…read their bschool essays and expect to get anything of value from it.
Brave Supplicant, we know you work hard. We know you want your application to shine. And we know you have supersmart friends, many of whom already have their MBAs from the topnotch superamazing bschool you want to go to. And so it’s only natural you would ask their opinion on your stuff. Right? Because they wrote essays, and they got in. They’ve got to be able to add value to your process.
Well…….. In our experience……….. not so much.
Think about it: They graduated from the school, when? Last year? Three years ago? They’re going to graduate in May?
OK great. That means they wrote their essays when? Two years ago? Five years ago? No matter what, they did NOT write essays THIS YEAR.
Even if they got accepted last year (in the 2009-’10 application season), their experience writing essays is worth NEXT TO NOTHING. Sometimes, people get accepted to bschool despite their essays (not often but it happens). And, someone’s experience successfully gaining admission in one year does not translate to being an expert in essays for anyone else, or to any other application cycle. Very rarely does anyone, accepted or not, get feedback from the adcom on the content and quality of their essays. Holding an MBA from a school just does not make someone an expert on how to GET INTO that school. (Case in point: One of EssaySnark’s clients from last year who’s currently at Columbia did not know there was a changing of the guard in the admissions office.)
That is our opinion. Sure, call us biased, since we are admissions consultants. Who ostensibly get paid to offer our opinion on people’s essays. You can accuse us of having a self-interest in trying to persuade you against using other (free) sources of help on your own application. Except for the fact that, ahem, this blog is absolutely free. And we’re giving you our best goods here. Right out in the open. On this thar Internet thang. And, we’re not accepting any paid business whatsoever through this channel. None. Nada. Zilch. Have turned away clients in fact. Maybe that will change in the future, but for now, we’re just doing this crazy snarky blog thing out of some bizarre desire to give back a little.
But we digress.
We find it usually ends up to be some variation of useless when one of our (paid) clients (yes we do have those too – just not through the EssaySnark blog) gets “feedback” on their essays from a friend.
This came up recently in a discussion list — a Brave Supplicant said he had his essays reviewed by several alum — here’s what we said about it over there:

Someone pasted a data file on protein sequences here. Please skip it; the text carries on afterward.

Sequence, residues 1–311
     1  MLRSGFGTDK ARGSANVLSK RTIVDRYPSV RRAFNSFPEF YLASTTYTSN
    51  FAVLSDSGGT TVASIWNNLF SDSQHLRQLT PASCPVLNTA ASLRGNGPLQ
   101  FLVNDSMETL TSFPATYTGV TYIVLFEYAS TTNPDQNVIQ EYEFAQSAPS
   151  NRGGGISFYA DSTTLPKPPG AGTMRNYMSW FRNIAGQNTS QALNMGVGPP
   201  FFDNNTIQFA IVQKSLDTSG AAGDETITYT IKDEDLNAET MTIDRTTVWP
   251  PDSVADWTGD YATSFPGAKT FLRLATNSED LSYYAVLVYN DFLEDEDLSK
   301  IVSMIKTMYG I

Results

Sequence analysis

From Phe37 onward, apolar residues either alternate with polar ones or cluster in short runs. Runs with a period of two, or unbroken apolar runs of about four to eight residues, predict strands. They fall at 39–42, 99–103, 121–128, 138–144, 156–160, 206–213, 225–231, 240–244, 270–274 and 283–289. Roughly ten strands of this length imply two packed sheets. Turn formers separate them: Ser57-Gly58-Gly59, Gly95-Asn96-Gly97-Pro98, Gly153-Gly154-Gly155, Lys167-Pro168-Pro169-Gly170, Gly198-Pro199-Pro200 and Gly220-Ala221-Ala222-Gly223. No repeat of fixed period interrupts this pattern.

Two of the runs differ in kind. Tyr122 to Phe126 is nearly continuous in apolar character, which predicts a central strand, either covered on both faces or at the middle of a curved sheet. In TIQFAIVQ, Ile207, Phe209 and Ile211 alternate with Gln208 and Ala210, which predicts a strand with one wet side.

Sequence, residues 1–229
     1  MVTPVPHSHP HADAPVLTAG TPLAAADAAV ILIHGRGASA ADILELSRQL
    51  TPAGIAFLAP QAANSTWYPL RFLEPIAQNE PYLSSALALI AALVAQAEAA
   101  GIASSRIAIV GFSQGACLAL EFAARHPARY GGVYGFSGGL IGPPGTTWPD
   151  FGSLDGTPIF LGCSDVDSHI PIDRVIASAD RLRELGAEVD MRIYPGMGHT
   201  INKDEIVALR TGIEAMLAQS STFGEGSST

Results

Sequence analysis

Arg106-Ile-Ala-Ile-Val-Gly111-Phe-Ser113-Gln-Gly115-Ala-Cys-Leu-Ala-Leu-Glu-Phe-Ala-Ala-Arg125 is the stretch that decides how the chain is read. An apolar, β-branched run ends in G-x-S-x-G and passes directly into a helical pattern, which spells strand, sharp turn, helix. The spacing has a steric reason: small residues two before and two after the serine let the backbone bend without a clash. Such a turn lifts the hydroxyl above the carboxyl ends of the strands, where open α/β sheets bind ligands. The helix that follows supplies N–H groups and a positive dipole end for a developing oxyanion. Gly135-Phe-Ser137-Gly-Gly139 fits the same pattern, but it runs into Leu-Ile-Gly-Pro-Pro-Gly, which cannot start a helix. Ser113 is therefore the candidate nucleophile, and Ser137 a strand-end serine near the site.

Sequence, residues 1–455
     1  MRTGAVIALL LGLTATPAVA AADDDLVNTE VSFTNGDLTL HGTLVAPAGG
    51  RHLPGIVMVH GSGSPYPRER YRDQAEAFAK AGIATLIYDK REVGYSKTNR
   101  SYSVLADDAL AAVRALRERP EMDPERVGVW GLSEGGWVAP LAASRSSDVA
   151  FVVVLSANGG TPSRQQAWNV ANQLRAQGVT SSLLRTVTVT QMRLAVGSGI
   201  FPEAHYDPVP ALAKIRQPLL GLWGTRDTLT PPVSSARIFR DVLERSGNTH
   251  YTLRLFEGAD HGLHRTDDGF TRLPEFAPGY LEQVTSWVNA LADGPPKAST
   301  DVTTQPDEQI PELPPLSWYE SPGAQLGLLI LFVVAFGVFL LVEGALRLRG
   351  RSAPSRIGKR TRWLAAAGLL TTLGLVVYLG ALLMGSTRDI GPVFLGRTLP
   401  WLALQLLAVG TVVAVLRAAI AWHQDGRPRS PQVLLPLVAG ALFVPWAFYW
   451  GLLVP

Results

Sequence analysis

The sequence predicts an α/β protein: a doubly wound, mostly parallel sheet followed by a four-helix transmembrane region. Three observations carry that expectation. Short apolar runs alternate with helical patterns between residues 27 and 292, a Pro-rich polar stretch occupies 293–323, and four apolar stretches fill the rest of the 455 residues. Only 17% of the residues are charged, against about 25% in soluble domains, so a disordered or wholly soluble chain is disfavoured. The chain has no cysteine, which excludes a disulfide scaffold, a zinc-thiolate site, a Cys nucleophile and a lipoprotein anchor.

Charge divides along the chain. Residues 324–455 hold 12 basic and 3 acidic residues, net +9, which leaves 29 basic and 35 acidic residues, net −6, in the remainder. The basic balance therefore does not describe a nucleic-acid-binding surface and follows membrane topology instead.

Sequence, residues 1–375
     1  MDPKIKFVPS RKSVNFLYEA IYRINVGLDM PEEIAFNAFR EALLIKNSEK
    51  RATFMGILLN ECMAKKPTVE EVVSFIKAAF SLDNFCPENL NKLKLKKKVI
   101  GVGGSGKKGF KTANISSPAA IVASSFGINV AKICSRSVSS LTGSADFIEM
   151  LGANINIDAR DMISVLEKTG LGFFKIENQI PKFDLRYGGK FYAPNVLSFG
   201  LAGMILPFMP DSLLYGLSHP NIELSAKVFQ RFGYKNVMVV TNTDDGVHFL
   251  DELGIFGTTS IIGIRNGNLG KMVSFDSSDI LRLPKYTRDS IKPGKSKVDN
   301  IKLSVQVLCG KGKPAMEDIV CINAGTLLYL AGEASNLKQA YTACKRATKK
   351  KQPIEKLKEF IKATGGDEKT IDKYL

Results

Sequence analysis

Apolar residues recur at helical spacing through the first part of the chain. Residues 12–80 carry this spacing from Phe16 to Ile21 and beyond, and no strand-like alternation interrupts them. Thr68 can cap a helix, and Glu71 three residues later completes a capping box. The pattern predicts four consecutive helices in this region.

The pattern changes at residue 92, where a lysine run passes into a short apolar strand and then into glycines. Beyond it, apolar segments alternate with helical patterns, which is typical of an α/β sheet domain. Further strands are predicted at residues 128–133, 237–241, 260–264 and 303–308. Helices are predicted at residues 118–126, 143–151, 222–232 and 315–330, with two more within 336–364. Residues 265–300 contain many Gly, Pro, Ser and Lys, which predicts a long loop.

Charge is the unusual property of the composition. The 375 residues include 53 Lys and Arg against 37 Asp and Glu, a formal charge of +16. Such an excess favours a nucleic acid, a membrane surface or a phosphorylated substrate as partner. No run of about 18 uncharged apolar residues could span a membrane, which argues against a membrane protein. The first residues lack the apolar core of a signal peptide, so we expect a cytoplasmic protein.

In general, EssaySnark usually lacks confidence in what any school’s alumni say about someone’s essays — even if that alum was on the adcom at the school — just because there are so many factors that go into play and it’s really strategic and if you’re not, like, doing this stuff for a living, it’s near impossible to stay on top of it all. Even the best writers with the most noble intentions who graduated from the school itself often aren’t great judges of what an adcom may or may not be looking for in a set of essays, in a particular admissions season, in a particular day or week.
The other major point, though, is that the schools change their own strategies pretty dramatically, often every year. No need to look further than the radically different essay questions that Wharton has used over the past few admissions cycles. Maybe we’ll do a compare-and-contrast on this some day, to show you how the school’s interest and intent can be at least guessed at from some of these switches in direction. They change their questions to get at a different element of response from the candidate pool. So they can better evaluate each and every app that comes in. Sure, some of our analysis is pure conjecture. We’re not on the adcom of Wharton or any other school (can you say “conflict of interest”??) But what alumni of any school — who’s not in admissions consulting — is paying any attention to the changes in their school’s essays from year to year? And imagine what might be so easily overlooked by someone who is not paying attention in that way. How would they really know if the essay is good or not?!?
The other huge point EssaySnark needs to make is, so many people who think they’re good writers are, arguably, not. We see this firsthand in our own clients. The ones who think they can string together a sentence are often the ones who come up with bloated, meandering, quasi-meaningless essays, who cannot construct a logical argument in a million years (or, at least, not without significant coaching and like five rounds of revision). We’ve had essays come back from “review” by a client’s friend riddled with grammar issues and even more convoluted than they started out.
So, Brave Supplicant, our words of advice here are — be selective who you ask for words of advice. No, you don’t need to use an admissions consultant, and we definitely don’t expect you to use us (
again, we’re not accepting clients through this blog anyway <- that’s obviously changed since we wrote this). But just because some alum says your essays are good, don’t expect to be greeted with an open invitation from the adcom to automatically join their next incoming class of MBA students.*
* We’re not meaning to imply that the Brave Supplicant who prompted us to write this posting had this attitude — if anything, this person seems incredibly motivated, helpful to others, and sincere, and EssaySnark is not directing any snarkiness whatsoever towards said Brave Supplicant — in fact, we hope that you end up with multiple admissions from these schools you’re targeting!!! If you want us to check out your essays for you, send ’em on over and we’ll (anonymously) give them a once-over on this blog.